The Great ICD-10 Debate: Healthcare Coding Transforms
April 27, 2012 08:30 AM Healthcare's move to ICD-10, an updated set of diagnosis and inpatient procedure codes, will affect everything from billing systems to medical records. After several delays, debate still rages on how to time the transition.
Codes Swell From ICD-9 To ICD-10
ICD-10 includes 68,000 diagnosis codes, compared to 13,000 in ICD-9, while inpatient procedure codes in ICD-10 grow to 87,000 from only 11,000 in ICD-9. The new codes in ICD-10 provide greater clinical detail and cover medical treatments and technologies not reflected in the older ICD-9 codes.
CMS has said that while ICD-10 expands the number of codes, a large portion of ICD-10 codes only differ in one parameter. For example, nearly 25% of ICD-10 codes are the same except for indicating the right side of the patient's body versus the left. Another 25% of the codes differ only in the way they distinguish among "initial encounter," versus "subsequent encounter," versus "sequelae." Sequelae refers to conditions that are usually the aftermath of another disease, injury, or event, such as neck pain resulting from whiplash suffered in an auto accident.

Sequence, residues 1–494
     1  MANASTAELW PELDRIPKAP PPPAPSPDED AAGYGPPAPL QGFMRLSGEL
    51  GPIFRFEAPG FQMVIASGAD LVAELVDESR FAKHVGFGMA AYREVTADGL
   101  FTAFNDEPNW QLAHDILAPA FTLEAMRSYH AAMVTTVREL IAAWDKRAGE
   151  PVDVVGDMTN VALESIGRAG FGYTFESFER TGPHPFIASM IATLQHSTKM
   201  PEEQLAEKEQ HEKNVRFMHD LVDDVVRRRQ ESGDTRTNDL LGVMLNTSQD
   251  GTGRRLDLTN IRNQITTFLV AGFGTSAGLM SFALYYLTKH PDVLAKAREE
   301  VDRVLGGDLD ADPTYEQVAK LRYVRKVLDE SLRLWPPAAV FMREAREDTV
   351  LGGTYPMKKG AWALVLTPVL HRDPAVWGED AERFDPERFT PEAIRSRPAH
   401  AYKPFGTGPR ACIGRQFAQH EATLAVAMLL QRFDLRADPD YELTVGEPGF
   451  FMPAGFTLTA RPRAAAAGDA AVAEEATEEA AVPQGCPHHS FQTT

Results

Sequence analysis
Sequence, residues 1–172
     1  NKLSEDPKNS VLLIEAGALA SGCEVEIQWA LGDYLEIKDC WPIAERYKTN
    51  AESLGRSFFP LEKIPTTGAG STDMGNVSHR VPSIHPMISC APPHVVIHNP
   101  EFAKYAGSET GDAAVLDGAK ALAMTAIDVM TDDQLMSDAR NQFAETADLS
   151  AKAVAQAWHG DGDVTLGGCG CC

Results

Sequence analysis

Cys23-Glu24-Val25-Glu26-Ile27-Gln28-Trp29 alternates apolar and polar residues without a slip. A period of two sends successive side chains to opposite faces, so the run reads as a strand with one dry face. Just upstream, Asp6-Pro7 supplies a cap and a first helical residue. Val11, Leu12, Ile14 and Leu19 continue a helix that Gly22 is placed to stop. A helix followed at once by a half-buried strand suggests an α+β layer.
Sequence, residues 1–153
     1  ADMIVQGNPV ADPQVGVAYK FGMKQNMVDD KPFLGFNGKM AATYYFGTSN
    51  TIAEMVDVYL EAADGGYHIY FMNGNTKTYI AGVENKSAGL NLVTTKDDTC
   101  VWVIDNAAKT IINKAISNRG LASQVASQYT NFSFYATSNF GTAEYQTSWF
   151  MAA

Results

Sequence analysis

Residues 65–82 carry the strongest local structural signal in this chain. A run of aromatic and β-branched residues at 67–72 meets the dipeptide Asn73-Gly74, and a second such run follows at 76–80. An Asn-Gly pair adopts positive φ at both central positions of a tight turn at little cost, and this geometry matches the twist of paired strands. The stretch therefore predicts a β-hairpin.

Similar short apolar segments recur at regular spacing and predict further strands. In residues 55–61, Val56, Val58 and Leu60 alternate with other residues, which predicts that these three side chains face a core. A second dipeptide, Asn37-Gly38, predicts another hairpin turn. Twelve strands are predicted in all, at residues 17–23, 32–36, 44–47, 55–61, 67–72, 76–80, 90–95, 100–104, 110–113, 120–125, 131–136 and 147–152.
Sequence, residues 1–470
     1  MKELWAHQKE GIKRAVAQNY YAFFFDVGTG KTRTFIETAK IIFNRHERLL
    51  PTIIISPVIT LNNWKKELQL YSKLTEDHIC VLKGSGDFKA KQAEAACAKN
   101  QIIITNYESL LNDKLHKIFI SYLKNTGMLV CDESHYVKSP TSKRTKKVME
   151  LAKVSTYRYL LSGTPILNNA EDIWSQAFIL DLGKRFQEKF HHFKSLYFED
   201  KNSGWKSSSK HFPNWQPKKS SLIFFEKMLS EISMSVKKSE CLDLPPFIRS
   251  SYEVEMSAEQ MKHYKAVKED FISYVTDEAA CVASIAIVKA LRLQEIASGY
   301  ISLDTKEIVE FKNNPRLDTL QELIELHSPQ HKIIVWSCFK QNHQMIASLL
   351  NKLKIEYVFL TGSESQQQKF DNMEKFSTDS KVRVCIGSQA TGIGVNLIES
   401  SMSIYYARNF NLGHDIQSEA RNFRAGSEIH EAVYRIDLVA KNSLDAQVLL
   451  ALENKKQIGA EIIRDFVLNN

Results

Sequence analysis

Yet the increased code detail in ICD-10 means that required clinical documentation by providers "will change substantially." CMS says ICD-10 includes a more robust definition of severity, comorbidities, complications, sequelae, manifestations, causes, and a variety of other important parameters that characterize the patient's condition.
Even the American Medical Association, whose members have opposed ICD-10 because of the burdens and expense the conversion puts on doctor practices, acknowledges that the additional codes allowed by ICD-10 offer more flexibility than what's offered by ICD-9.